In Part 1, we discussed VSWR and reflected power. Now we will focus on “Return Loss.” Together, they will help the reader understand diagnosing antenna issues.
An antenna can be swept with a meter to determine its “Return Loss.” Return loss is much more accurate than VSWR, and it tells you not just about the frequency that the transmitter is currently using but can show you how an antenna responds over a wide range of frequencies.
The sweep below shows a dual-band antenna that is resonant on both the 2Ghz and 5Ghz WiFi bands. The 2.4 band shows a return loss of about 25dB and the 5Ghz band shows a return loss of around 15dB.
10dB Return Loss, 10% of Power being Reflected
20dB Return Loss, 1% of Power being Reflected
30dB Return Loss, .1% of Power being Reflected
15dB Return Loss, A Common baseline Antenna & Cable minimum limit
15dB Return loss is roughly equivalent to 1.5:1 VSWR
Compare the Return Loss trace above with the one shown here. Both are testing dual band 2 & 5Ghz WiFi antennas, but the antenna below has a much better return loss especially in the 5Ghz band. All things being equal if the patterns of these antennas are similar, the one on the bottom is likely to perform better, especially in the 5Ghz band.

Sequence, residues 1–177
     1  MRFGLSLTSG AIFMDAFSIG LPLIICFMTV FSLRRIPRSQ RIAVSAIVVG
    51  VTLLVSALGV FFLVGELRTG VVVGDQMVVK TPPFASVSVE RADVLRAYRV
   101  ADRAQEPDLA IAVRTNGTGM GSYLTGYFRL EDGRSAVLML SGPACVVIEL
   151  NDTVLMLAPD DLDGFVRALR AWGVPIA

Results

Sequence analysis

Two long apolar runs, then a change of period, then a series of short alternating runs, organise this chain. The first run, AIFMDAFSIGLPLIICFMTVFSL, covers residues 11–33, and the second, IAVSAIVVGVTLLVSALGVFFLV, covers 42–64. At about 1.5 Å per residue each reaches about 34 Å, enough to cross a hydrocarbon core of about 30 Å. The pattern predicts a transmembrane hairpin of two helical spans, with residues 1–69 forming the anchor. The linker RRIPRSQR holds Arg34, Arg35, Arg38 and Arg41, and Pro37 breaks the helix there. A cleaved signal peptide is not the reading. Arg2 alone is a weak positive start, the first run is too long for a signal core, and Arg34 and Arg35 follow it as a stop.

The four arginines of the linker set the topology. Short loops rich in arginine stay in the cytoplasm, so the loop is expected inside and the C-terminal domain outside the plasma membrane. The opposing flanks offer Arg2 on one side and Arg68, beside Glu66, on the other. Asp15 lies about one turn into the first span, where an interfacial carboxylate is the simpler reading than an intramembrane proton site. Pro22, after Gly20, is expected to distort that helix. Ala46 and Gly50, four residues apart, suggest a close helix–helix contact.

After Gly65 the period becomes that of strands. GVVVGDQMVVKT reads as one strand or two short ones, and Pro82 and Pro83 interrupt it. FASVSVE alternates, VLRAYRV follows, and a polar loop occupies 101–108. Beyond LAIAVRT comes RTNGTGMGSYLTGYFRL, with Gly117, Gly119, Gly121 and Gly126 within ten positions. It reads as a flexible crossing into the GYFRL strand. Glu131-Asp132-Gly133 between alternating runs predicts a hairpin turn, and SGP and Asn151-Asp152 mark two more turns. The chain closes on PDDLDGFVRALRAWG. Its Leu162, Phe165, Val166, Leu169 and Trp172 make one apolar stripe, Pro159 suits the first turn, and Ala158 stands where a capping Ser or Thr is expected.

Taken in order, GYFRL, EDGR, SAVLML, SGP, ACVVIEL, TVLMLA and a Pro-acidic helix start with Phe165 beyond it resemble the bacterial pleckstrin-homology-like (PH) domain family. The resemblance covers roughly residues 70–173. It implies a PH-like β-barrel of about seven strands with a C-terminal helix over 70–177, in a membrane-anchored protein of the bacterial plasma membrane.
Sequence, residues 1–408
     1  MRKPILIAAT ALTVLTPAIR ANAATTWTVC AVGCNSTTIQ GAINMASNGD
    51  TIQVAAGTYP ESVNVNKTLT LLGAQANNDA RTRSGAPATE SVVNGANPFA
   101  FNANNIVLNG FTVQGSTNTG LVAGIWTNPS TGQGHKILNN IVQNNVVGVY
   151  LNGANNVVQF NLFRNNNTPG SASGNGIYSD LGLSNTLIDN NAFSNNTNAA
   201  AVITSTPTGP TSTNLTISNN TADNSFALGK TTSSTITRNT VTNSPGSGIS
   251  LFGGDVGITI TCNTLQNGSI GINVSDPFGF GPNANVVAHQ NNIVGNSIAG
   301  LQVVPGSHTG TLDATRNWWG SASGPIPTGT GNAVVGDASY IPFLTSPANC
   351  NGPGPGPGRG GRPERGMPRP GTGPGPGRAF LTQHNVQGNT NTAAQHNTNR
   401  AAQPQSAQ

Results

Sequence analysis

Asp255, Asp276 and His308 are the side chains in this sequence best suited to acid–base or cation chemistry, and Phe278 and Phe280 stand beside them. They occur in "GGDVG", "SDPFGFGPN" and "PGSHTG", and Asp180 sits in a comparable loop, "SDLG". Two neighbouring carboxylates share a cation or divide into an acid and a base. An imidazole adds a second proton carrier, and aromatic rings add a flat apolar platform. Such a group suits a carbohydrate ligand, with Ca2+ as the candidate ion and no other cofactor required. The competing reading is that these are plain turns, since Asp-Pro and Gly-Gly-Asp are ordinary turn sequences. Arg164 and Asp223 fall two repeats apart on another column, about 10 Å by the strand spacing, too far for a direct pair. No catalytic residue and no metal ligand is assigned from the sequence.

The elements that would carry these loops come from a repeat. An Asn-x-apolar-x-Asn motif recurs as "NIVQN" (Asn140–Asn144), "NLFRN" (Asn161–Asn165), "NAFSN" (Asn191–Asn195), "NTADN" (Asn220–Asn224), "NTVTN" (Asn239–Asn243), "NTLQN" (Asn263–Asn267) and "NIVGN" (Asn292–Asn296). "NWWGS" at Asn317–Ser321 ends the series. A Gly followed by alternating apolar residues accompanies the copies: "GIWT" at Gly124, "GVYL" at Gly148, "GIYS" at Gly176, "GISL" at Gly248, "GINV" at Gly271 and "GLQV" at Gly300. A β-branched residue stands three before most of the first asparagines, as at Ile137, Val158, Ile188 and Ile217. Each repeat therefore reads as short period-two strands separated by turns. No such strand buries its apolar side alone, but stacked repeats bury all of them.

When you look at the specification sheet of a given manufacturer, they will most likely describe the bandwidth that the antenna is capable of covering in terms of VSWR with the most common being either 1.5:1 or 2.0:1. When looking at this know that a 1.5:1 is much better than a 2.0:1.
As a rule, the wider the antenna that is being made the more difficult it is for the manufacturer to be able to obtain a good Return Loss (or VSWR) across the whole band, so you will typically see them de-rate the performance specification to 2.0:1 when they list the frequencies that they are able to cover. This happens a lot in the 5Ghz band since it typically goes from 4.9 to 6Ghz and will expand soon as the lower 6Ghz frequencies become available for use on 802.11 WiFi systems.
When you first select an antenna, take the time to characterize the antenna and create a baseline trace for how it performs before you decide to deploy it at a site. This will let you know how well it is likely to perform. It also gives you a good reference point to be able to use down the line if you need to test an antenna in the field? Why is it acting this way, is it only a 15dB return loss because something is wrong or because the manufacturing process wasn’t as good. If you don’t have a baseline, you have no simple way to know.